Non-matter of the day: chairlift etiquette.
The other day I was conversing with a friend as we rode a quad chair on a six-minute ride, and we got into some remarks about business generally, and ski business in particular. We were not talking loudly, but about halfway up a woman said, "It sounds like you guys are working."
This was a curious ice breaker, and neither of us knew quite what to say. Was this person implying that we should not be working, or at least not working in her presence? Or was she telling us to shut up and let her enjoy a spiritual communion with the beautiful morning view of the mountains? Or was she just a chatter looking for an opening?
It was hard to respond.
"No, I don't think we're working," I said. Which rather deadened the subject until we got near the top.
"Well, did you get anything resolved?" she asked.
"Everything's resolved when we ski off onto the snow," I told her, more confused by what I was saying than by what she had said. I think no one was clear about anything. But, you know, the best difference between a chairlift ride and a three-hour airline flight is that the lift ends fast and clean.
I am in constant terror of the first bit of conversation on an airplane, dating to a flight from Tokyo to New York following the 1998 Winter Olympics. Our plane took off, and before it had leveled off at cruising altitude, the woman beside me asked what had to be the most frightening question a person could hear on Minute 14 of a 12-hour flight.
"Do you have any pets?"
Aiyeee, not the dreaded pet question!
Because we all know that when people ask you a question like this, they don't want to talk about your pet, they want to tell you about their pets. I briefly considered parying her assault by describing, in graphic detail, a humongous fur ball burped up by my Maine Coon cat Pink Floyd that time he ate a cricket, and how it got ground in with a nasty 5-inch dreadlock that nearly strangled him getting the brute out.
Alas, my polite nature restrained me from attempting a gross-out. My mistake, for by Minute 42 of a 12-hour flight, the woman had taken out two film cannisters to let me glimpse at the locks of her pooches' fur, which she carried with her around the world.
Anyway, on a chairlift, no matter how bad it gets, the conversation is over quickly, another blessing of high-speed chairs. Although every rule has its exceptions. Many years ago, my wife got onto a chairlift at Aspen with a man who was silent. At first. This was one of those old blue-painted double chairs with no safety bar or foot rest, and being somewhat nervous about heights, my wife was just trying to endure. Midway up, over the highest point of the ride, she heard a low, steady voice from the man beside her.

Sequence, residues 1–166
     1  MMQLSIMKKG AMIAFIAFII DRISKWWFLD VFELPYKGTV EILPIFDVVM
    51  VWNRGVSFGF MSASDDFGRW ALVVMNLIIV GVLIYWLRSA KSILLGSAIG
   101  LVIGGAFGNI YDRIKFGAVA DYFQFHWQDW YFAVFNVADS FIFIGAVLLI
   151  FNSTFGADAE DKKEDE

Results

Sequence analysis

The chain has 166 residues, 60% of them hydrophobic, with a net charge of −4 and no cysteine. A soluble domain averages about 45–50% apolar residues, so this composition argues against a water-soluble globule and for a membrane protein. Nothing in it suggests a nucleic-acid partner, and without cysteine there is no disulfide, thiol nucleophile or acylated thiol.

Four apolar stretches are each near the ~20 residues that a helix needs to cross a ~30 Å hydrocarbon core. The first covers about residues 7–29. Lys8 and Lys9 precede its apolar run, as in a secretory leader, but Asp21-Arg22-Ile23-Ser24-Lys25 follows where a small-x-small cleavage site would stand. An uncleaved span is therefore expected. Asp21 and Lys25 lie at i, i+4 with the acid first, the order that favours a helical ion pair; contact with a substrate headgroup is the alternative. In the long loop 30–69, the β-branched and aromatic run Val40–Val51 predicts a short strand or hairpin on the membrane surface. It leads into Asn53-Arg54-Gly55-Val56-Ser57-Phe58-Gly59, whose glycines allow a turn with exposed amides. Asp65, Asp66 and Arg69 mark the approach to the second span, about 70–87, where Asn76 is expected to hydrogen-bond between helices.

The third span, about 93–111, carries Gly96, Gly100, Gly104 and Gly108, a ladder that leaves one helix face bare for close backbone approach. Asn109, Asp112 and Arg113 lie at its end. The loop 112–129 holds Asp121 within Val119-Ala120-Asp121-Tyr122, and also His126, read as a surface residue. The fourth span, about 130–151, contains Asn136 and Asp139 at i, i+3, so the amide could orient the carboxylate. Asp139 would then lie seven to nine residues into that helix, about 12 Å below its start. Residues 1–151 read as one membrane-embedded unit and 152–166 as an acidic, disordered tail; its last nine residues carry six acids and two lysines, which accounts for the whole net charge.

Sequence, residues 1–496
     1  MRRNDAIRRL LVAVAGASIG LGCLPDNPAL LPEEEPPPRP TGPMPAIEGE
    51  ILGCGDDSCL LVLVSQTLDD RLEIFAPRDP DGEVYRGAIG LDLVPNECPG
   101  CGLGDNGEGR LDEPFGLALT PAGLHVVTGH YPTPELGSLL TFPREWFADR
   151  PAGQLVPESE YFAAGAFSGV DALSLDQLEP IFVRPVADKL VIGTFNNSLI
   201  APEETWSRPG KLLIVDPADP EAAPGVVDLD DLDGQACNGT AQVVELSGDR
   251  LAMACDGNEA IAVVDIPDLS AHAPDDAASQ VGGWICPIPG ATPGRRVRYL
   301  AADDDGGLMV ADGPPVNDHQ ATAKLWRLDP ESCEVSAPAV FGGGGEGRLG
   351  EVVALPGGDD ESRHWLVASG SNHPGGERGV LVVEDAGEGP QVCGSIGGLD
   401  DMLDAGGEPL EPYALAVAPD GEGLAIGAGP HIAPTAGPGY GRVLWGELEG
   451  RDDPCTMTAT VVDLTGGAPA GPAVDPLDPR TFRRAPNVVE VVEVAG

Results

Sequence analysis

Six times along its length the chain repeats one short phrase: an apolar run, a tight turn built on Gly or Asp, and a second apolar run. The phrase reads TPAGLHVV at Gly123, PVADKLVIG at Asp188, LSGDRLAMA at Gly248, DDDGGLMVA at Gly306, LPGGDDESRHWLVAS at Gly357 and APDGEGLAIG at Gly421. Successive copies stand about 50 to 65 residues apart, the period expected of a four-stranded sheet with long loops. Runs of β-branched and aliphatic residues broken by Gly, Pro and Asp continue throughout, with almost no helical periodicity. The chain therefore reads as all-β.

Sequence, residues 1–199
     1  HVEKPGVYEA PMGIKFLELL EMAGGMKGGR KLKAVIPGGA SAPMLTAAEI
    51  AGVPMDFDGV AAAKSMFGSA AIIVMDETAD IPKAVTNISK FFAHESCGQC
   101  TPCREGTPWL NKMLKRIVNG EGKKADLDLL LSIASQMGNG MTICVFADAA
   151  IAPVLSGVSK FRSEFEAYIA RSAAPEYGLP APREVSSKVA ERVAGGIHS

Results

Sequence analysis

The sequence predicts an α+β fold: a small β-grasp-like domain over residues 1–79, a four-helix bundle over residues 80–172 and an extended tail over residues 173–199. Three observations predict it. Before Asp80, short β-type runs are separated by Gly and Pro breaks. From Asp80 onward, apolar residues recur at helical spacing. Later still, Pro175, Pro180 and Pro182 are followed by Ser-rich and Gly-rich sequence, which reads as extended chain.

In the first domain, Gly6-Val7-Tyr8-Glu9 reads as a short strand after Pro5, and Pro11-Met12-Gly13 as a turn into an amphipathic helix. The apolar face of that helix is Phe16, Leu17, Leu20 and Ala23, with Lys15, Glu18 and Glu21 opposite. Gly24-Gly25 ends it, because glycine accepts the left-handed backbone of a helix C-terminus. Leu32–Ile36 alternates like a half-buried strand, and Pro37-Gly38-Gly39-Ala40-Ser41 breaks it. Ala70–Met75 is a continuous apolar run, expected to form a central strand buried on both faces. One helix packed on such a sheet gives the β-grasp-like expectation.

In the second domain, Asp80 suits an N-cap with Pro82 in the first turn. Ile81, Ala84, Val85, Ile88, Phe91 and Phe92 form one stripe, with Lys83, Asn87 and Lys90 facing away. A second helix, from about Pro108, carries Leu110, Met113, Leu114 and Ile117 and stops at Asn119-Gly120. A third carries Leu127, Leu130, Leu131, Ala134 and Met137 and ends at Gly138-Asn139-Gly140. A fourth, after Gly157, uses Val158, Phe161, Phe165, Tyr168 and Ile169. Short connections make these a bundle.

"Do you ever think of falling out of one of these things?"
"Do you ever think about jumping out?"
Now, she was freaked. Terrified. Either this guy was a sadistic prankster or a true nutbar in the midst of a compulsive breakdown that might end . . . well, who knew? The ride ended. They skied away, she with a lifetime memory.
Related to poisoned conversations are the solipsistic cellphone users. You know the kind. There are the quiet cellphoners, who sort of turn away and mutter privately to their party, and then there are the solipsists who, somewhere in their sense of themselves, really do believe their drama is impressive enough to include us in it.
A friend once called me on her cellphone, and after about 10 minutes she confessed: "I've got to go. I'm on a chairlift alone and don't want to look like a jerk when I get off."
Would there were such humility among cellphonists these days? This season alone, I have borne silent witness to a tearful teenage breakup or threat to breakup, an argument over college applications ("I'll do them next week!"), half a dozen assorted lunch and dinner plans, and one guy speaking to his 6-month-old daughter in her crib. I won't even attempt to describe that one, but the fellow gave us a kind of apologetic chuckle when he folded up his phone.
Well, cellphones are not as bad as smoking. I confess right up front that before I gave up the tobacco habit some 25 years ago, one of my favorite places for a smoke was on the chair ride after a run. If you can't understand this, I can't explain it. But what seems somewhat troubling these days is that the only people who smoke on chairlifts are kids. I suppose that of the combination -- age, smoking, and skiing -- one element has to drop off eventually.
So a belated, decades-overdue apology from me this morning to all those whose pure mountain air was fouled by my unfiltered Camels. I was in mind of this the other day when a guy in his 20s began a ride with me, proceeded to light up a smoke, and then got out his cellphone. I had hit the combo!
What unfolded was a tableu of pre-post-modern American realism as the kid, apparently talking to his buddy, laced the air with F-bombs as he blew out blue plumes of smoke, punctuating each drag by spitting over the rail of the chair. A real charmer. I will refrain from telling you what his feet were attached to.
Like bus and airline rides, the chairlift brings us into a sometimes uncomfortably intimate space to share with strangers. And somehow I am hearing Andy Rooney delivering this line: "I suppose we should just think a little bit about how we act."